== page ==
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Re: Proposed issue; Visibility of Web services

From: Mark Baker <distobj@acm.org>
Date: Mon, 26 May 2003 14:09:33 -0400
To: www-ws@w3.org
Cc: noah_mendelsohn@us.ibm.com
Message-ID: <20030526140933.A31140@www.markbaker.ca>

(CCing Noah again)

On Mon, May 26, 2003 at 11:51:47AM -0400, Champion, Mike wrote:
> Hmm, maybe I see: the moons of Jupiter are "visible" in that you can see
> them with a telescope, but they are not visible to unaided human eyesight.
> Therefore they are less visible than is Jupiter.  But imagine trying to
> explain this to an intelligent hawk (assuming that hawks' vision is sharp
> enough to resolve the moons of Jupiter) -- the hawk would be mystified that
> you are trying to treat a quantitative limitation of human vision as a
> qualitative property :-) 

Very colorful analogy, but I don't think it represents the point I'm
trying to make.

> HTTP verbs are visible only because there is a class of intermediaries that
> understands HTTP syntax and semaantics; standardized SOAP headers will be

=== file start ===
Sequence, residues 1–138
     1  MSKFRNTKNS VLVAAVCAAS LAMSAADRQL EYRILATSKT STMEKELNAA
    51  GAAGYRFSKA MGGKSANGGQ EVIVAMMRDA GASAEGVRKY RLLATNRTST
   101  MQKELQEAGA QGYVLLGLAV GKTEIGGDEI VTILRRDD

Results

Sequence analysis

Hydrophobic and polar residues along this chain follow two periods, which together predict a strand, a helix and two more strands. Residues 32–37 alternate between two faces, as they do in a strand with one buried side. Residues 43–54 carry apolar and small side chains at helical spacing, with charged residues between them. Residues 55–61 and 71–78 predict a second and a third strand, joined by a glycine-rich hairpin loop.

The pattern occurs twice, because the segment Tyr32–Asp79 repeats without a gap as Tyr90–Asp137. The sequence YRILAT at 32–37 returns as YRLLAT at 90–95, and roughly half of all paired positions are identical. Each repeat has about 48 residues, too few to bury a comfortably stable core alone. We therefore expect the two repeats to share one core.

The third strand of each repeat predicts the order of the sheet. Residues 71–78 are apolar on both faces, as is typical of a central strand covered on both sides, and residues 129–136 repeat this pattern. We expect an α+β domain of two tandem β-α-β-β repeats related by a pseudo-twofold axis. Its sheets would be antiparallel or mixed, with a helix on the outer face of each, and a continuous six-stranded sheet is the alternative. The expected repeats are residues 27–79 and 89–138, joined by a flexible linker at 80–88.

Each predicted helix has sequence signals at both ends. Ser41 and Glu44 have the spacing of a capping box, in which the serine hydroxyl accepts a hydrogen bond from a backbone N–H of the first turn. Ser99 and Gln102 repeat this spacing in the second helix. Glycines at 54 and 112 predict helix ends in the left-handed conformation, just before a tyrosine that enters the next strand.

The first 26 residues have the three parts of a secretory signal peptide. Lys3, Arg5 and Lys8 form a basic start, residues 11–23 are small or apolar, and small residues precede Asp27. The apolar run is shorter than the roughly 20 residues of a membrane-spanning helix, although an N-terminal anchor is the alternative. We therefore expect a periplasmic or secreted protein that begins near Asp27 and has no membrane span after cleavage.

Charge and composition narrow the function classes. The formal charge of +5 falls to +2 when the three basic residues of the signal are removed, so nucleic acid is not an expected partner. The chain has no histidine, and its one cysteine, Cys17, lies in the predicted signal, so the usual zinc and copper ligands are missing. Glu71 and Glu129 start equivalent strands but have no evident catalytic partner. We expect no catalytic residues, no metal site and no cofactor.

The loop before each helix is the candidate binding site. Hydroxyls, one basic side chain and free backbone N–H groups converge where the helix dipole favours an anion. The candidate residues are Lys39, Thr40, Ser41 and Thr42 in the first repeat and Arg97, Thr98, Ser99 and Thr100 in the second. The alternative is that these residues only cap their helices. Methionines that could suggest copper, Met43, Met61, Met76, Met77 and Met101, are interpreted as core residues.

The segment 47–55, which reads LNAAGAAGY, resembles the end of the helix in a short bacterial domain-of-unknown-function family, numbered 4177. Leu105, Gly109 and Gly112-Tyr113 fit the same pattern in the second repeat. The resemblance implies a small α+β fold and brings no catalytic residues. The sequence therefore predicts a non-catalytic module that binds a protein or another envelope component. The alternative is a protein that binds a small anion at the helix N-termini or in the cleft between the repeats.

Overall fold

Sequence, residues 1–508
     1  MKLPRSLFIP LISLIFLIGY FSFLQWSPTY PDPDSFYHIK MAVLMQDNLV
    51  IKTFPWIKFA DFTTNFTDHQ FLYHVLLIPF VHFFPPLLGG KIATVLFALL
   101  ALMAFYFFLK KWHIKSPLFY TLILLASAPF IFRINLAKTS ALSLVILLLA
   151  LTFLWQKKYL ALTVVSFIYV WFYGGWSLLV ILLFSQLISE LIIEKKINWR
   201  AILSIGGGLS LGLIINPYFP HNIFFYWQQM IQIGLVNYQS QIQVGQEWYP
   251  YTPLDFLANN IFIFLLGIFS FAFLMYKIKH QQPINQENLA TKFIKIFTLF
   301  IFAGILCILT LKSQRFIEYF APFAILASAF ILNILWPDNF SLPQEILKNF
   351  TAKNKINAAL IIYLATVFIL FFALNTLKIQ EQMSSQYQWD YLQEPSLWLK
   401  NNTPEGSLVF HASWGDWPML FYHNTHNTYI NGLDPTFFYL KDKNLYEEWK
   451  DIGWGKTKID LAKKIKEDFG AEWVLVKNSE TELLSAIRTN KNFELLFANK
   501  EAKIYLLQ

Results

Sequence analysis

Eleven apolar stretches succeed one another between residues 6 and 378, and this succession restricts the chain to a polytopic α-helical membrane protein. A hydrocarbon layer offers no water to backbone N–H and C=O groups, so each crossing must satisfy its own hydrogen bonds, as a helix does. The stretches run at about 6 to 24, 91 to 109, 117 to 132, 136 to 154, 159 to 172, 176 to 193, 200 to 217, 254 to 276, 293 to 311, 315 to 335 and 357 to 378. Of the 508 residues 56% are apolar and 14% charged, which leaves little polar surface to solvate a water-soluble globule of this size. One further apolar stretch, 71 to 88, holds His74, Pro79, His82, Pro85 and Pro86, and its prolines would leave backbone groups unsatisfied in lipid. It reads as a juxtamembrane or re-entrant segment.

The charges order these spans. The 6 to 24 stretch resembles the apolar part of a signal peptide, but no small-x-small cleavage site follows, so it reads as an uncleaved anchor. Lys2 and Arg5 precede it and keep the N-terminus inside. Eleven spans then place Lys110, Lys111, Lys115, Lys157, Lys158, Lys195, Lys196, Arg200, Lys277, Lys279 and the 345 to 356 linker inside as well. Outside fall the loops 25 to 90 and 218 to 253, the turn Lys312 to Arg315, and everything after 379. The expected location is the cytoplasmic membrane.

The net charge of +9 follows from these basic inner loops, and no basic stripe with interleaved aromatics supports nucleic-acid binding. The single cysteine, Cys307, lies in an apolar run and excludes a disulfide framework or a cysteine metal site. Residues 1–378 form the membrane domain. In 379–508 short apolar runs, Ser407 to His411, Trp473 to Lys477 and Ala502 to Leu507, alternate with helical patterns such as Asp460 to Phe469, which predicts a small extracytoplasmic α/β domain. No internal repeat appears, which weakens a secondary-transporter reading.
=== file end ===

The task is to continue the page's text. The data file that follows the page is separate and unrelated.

> visible to a new generation of SOAP intermediaries that understand the SOAP
> envelope schema and and processing model and either know natively or can be
> configured to work with the semantics of specific header standards (e.g.
> something like WS-Security).

No, it's mostly the shared understanding of methods which improves
visibility dramatically, not the headers.

In a recent thread here, I believe it was agreed that a SOAP
intermediary hardcoded to have specific knowledge of a given WSDL file,
had better visibility into the interactions between clients and servers
using that same WSDL file, than did a generic SOAP intermediary, or a
SOAP intermediary hardcoded to some other WSDL file.  That's exactly the
kind of increase in visibility that using an application protocol

Mark Baker.   Ottawa, Ontario, CANADA.        http://www.markbaker.ca
Web architecture consulting, technical reports, evaluation & analysis
  Actively seeking contract work or employment
Received on Monday, 26 May 2003 14:06:21 UTC

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